Bristol Prize

Our Volume 6 Anthology Cover

September 4, 2013   Joe Melia

Each year we run a cover design project with the final year Illustration degree students at the University of the West of England. We set them what seems like an impossible task – to design a cover for an anthology of short stories that they haven’t read and know nothing about. Because of our timetable and the students’ timetable, the project deadline comes well before the stories have been selected for the book.  And every year we are astonished and delighted with the designs that are submitted.

This year is no exception. The winning cover design (left) for our 6th anthology was created by Emily Nash (below right), and we’re thrilled to have the opportunity to use it for this year’s anthology.

A huge thanks to all the students who took part and to the continued enthusiasm and commitment of the inspiring Illustration course leaders at U.W.E – Chris Hill and Jonathan Ward.

We took the opportunity to ask Emily a few questions about her work and this year’s wonderful cover:

 

What was your reaction when you found out that your design had been chosen for the BSSP anthology cover?

I was extremely pleased to have been chosen, it’s a very exciting opportunity as it’s my first published book cover. There where so many great designs to choose from and it was hard to predict who it would go to, so I felt very surprised and honored that mine was picked.

How has the Illustration degree course affected your work and your ambitions?

My work has changed a lot of in the last three years. The course started with a lot of open and experimental briefs and were encouraged to try using a wide range of mediums and styles. Collage has always been something I’ve been interested in and I found that it was always mixed media that I reverted back to. When I first started the course I wasn’t thinking so much about a career, I was thinking more about the process and what I enjoyed doing most, but throughout the three years I have become much more career focused and am now very excited to be working as a freelance illustrator. Professional practice modules where a big help in preparing for the more practical side of the job and I ended up writing my dissertation on the living and working conditions of a freelance illustrator. You would think this would have put me off, but strangely it hasn’t!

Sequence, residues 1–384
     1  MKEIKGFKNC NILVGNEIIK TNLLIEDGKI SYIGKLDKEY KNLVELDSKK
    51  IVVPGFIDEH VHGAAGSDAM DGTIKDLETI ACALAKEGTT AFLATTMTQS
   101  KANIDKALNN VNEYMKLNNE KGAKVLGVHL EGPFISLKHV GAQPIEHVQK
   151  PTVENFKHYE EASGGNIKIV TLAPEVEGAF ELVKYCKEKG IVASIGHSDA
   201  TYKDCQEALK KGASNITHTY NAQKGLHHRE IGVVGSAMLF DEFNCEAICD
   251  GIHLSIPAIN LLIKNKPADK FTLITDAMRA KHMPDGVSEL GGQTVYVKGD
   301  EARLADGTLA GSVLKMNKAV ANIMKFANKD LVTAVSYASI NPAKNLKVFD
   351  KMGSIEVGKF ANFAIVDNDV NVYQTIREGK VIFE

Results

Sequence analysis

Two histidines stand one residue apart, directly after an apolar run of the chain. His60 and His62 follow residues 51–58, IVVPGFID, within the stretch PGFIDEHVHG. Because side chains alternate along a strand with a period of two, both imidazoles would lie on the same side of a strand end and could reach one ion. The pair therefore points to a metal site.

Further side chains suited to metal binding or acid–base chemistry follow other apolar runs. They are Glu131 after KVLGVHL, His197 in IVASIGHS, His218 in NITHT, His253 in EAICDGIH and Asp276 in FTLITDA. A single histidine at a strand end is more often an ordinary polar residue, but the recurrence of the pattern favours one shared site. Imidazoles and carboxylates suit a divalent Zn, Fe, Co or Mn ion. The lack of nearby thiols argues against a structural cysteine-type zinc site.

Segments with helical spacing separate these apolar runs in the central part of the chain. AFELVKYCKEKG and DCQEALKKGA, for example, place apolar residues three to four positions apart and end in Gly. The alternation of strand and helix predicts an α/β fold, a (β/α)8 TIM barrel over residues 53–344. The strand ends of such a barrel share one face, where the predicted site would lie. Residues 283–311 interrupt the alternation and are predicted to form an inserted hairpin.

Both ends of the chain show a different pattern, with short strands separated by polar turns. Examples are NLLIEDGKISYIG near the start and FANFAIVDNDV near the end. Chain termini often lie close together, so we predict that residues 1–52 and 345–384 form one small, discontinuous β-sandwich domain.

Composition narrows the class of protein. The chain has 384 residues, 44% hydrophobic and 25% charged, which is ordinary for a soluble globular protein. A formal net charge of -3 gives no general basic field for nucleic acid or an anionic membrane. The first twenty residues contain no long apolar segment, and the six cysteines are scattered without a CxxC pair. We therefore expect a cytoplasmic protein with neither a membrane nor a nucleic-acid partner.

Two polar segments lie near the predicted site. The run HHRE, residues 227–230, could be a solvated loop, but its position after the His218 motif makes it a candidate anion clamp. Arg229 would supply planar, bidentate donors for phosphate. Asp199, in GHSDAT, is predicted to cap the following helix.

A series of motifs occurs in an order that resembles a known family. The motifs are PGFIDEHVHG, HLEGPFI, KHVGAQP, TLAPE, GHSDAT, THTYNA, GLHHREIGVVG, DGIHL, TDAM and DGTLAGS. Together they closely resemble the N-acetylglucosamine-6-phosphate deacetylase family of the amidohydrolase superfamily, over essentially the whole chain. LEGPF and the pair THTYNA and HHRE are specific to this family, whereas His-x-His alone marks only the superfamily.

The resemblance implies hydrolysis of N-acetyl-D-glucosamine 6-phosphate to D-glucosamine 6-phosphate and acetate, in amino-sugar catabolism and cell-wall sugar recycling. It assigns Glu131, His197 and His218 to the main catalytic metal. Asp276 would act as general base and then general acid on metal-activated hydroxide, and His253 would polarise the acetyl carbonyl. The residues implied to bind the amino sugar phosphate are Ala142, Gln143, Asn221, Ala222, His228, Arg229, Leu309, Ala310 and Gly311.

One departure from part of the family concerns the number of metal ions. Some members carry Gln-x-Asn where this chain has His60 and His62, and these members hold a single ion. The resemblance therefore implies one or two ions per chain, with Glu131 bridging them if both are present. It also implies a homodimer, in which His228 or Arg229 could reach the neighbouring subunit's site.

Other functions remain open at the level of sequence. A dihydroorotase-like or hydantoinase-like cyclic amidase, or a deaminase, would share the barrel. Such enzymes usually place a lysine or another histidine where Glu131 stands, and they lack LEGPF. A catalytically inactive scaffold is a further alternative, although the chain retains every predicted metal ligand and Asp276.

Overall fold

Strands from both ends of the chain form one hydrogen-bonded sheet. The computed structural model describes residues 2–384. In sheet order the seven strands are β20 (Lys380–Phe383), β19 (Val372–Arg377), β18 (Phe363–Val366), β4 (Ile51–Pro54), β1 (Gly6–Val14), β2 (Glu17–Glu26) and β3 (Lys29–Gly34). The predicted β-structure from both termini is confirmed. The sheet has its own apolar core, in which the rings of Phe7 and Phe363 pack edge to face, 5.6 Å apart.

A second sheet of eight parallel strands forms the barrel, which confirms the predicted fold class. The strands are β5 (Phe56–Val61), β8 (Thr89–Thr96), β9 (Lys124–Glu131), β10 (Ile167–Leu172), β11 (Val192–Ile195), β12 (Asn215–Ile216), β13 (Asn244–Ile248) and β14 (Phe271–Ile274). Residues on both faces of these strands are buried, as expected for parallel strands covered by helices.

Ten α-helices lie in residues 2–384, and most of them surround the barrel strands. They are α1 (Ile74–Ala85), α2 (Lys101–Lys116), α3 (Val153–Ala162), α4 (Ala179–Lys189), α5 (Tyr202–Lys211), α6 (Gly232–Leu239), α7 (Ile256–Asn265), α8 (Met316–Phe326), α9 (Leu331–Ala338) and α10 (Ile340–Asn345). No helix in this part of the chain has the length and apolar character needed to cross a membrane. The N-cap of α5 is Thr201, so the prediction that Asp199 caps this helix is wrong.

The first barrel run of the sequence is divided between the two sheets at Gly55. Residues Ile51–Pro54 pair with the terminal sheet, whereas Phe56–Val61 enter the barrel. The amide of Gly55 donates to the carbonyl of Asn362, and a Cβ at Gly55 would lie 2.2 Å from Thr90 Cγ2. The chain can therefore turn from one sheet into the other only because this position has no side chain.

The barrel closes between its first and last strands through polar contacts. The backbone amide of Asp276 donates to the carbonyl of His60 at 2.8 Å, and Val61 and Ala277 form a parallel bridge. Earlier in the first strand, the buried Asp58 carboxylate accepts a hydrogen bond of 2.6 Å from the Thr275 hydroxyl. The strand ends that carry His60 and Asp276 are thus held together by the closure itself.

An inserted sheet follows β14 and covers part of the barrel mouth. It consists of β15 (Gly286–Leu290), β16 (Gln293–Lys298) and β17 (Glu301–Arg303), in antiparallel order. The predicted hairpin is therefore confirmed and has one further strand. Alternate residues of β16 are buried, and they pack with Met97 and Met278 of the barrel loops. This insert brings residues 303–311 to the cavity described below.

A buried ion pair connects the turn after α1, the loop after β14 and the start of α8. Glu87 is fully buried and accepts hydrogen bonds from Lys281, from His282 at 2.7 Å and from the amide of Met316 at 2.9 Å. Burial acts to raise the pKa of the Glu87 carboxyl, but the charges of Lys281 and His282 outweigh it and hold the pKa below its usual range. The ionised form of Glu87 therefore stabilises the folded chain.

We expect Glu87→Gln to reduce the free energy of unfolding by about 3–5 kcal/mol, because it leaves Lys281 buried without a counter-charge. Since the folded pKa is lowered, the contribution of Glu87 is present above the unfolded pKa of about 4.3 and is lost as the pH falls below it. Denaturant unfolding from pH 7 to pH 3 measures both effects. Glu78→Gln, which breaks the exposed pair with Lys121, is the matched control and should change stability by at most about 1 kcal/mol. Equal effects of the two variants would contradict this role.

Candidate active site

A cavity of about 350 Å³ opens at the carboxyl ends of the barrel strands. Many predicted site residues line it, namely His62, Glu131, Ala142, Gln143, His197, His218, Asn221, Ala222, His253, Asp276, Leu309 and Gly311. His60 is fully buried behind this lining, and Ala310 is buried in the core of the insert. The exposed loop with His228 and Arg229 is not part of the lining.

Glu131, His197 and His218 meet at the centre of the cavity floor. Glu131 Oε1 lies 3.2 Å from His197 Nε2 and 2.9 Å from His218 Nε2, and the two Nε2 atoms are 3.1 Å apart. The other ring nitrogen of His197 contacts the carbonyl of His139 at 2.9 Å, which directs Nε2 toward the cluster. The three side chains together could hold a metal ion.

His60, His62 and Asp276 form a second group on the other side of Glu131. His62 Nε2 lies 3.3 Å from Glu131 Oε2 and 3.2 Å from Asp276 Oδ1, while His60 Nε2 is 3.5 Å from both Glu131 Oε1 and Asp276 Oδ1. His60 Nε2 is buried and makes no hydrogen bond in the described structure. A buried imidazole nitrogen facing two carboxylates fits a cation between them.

What and whom are the major influences on your work?

 

Old fashioned patterns and textiles such as those of William Morris influence the way my work looks aesthetically. I have huge collections of old newspapers, magazines, fabric and leather. Old fashioned clockwork toys have been my latest interest and I aim to start making characters and bespoke toys our of sheet metal and fabric. As for whom, I would say graphic novelist Sean Tan and children’s book illustrators Jon Klassen have particularly inspired me. I admire the way Sara Fenelli’s work appeals to such a wide audience having had commissions from The Tate, Zizzis  and the New York Times, as well as illustrating her own books. I especially like surreal, other-worldly and slightly disturbing work which is why I think collage suits me.

 

What makes a great book cover?